While the Dáil – outlawed by Dublin Castle, the seat of the British Government in Ireland – worked to establish the apparatus of an Irish republic, the War of Independence was fought between the Irish Volunteers, or Irish Republican Army (I.R.A.), and the British State.
The ranks of the flagging Royal Irish Constabulary (R.I.C.) were bolstered in early 1920 with almost 10,000 ex-soldiers, the ‘Black and Tans’, followed by a special counter-insurgency force, the Auxiliary Division. They did little to calm tensions and were increasingly caught up in a dirty, tit-for-tat conflict with the I.R.A., characterised by guerrilla warfare, terror, reprisals and extra-judicial killings.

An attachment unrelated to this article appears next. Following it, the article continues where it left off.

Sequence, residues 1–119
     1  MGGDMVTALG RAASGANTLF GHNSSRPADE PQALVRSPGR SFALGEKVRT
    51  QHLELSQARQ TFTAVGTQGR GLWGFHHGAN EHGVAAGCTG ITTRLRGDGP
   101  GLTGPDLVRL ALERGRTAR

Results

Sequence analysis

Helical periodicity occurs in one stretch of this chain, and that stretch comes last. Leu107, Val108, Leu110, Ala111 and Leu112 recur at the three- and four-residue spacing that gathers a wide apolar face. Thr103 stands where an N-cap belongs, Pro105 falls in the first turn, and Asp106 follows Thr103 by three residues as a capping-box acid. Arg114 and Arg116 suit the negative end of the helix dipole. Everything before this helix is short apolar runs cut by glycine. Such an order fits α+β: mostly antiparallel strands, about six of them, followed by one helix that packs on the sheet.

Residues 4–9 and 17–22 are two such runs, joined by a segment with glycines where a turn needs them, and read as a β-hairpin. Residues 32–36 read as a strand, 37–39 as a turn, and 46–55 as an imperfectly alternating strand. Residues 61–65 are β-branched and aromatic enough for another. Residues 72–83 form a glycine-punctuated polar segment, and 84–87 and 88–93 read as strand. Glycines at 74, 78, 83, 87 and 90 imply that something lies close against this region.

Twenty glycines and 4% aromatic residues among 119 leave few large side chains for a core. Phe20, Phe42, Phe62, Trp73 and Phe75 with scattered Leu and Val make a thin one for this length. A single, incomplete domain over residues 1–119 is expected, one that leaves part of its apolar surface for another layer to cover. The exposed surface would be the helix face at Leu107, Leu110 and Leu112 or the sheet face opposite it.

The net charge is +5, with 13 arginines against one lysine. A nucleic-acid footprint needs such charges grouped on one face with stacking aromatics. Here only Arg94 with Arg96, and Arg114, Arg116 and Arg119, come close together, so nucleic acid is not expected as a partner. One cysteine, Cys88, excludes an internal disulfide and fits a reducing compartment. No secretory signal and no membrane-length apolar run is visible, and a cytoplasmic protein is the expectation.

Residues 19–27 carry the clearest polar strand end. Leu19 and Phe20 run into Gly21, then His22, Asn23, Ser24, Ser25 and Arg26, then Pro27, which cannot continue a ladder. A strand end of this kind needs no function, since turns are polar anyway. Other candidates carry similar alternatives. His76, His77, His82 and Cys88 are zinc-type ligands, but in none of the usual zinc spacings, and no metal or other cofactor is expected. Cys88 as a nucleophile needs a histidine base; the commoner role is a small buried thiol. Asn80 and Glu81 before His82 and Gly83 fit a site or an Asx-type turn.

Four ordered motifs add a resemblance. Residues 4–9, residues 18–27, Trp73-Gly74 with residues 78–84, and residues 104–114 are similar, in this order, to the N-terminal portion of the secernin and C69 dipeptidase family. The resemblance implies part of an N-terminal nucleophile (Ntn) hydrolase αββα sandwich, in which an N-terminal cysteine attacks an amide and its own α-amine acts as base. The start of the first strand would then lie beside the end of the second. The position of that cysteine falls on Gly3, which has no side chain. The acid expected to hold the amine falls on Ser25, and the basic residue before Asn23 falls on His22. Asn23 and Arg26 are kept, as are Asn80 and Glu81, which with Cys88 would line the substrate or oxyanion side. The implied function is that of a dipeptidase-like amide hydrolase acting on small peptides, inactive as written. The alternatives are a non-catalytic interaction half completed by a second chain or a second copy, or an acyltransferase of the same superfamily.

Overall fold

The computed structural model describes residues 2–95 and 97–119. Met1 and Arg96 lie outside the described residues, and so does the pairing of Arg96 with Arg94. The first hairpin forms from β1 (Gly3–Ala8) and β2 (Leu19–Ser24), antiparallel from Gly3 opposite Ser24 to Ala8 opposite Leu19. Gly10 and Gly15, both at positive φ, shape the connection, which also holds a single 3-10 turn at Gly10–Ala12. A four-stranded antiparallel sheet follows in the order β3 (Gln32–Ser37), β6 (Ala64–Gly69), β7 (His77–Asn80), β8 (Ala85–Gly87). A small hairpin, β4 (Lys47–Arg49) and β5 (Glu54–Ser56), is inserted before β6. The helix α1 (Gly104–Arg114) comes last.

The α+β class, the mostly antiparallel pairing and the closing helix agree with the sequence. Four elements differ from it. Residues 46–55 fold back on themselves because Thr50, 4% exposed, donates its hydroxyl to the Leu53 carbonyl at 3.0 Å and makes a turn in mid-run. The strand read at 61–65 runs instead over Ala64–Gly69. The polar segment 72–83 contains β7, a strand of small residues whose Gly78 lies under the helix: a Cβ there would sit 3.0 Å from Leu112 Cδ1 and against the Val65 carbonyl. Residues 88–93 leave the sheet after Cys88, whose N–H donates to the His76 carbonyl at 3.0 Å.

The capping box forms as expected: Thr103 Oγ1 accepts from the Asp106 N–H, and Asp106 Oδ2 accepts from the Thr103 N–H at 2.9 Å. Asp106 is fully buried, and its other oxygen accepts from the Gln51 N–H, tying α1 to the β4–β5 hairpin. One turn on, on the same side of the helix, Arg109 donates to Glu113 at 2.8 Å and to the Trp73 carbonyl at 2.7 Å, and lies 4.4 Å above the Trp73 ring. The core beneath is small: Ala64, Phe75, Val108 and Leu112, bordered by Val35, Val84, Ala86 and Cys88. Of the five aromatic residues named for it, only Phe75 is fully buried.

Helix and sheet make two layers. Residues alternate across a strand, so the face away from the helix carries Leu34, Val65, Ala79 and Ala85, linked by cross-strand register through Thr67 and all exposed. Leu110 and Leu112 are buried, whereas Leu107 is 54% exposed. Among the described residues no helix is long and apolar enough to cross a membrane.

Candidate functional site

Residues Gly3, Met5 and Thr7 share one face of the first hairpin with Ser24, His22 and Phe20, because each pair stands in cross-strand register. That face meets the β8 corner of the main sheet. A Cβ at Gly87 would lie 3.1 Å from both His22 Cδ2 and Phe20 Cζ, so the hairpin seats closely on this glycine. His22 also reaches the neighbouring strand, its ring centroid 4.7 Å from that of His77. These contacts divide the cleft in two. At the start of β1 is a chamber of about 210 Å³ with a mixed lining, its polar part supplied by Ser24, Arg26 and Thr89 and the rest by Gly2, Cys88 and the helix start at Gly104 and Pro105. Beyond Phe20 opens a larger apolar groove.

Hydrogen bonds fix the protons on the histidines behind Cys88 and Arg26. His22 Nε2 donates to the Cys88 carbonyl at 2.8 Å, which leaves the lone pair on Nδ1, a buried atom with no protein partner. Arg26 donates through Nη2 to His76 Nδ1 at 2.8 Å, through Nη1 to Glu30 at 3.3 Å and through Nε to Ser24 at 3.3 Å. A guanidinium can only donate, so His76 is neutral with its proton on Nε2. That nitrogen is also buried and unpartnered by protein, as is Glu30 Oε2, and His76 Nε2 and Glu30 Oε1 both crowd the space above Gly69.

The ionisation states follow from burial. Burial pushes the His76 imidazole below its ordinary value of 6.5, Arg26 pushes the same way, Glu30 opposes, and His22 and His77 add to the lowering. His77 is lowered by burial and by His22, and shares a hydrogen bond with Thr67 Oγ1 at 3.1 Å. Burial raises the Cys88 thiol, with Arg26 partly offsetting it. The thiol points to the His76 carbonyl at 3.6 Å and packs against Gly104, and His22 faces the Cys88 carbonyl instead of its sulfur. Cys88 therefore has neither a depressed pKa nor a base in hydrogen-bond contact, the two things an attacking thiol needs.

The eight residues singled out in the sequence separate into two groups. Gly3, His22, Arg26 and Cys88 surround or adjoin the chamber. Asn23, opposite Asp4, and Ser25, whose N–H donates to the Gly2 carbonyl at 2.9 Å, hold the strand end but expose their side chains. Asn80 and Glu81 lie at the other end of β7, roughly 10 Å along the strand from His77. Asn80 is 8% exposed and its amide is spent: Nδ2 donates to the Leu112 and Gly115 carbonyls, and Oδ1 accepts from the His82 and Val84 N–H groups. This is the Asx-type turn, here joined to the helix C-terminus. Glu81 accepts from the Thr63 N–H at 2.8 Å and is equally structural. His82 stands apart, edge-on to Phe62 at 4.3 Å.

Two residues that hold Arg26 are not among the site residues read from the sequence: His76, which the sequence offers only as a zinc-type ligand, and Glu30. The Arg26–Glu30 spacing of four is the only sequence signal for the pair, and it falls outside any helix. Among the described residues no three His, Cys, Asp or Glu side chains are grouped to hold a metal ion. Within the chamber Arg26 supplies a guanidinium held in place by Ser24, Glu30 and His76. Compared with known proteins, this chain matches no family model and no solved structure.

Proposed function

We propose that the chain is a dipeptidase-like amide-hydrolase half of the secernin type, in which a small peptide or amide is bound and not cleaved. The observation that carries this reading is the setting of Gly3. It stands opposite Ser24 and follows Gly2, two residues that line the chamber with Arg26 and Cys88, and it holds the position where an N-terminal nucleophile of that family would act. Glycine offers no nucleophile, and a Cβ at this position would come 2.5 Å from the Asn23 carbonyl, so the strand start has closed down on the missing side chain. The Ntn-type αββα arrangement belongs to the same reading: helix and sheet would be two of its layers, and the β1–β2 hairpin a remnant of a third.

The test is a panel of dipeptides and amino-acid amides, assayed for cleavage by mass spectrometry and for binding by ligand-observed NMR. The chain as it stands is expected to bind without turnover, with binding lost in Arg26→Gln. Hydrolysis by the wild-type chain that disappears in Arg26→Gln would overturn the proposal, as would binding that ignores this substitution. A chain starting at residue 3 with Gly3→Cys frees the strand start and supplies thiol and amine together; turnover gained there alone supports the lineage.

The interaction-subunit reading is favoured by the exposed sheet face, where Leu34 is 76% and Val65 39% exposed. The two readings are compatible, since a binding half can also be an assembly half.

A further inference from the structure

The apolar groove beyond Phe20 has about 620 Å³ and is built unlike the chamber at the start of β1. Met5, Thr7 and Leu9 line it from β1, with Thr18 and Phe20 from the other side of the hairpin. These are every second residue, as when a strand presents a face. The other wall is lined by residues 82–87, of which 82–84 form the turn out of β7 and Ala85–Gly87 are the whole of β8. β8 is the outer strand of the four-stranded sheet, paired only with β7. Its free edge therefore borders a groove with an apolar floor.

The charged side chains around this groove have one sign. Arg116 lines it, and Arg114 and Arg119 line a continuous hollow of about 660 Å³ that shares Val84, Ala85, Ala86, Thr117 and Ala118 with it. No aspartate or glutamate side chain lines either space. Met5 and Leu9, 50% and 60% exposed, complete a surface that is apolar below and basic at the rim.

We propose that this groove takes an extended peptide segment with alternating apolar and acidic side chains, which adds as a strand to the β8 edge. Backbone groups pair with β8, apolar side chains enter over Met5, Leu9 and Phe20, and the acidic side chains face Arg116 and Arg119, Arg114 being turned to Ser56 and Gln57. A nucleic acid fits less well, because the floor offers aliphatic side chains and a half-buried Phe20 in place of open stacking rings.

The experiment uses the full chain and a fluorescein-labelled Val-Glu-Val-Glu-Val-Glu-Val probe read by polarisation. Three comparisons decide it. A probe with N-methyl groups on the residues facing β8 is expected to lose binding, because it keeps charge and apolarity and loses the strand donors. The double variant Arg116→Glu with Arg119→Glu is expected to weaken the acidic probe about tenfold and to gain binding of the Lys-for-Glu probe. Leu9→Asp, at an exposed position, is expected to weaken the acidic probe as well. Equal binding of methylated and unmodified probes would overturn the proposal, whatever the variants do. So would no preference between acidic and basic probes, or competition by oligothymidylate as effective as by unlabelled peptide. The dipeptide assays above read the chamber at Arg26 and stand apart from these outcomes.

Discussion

The increasing violence of the War of Independence in the south was matched by rising tensions in the north. Disturbances spread across Ulster in the summer of 1920 – from Derry to Banbridge, Dromore to Belfast – and Sir Edward Carson threatened to call out the Ulster Volunteers to protect northern protestants, who felt increasingly threatened. Northern nationalists were fearful of the rising tide of violence, and their future as a minority in the new state.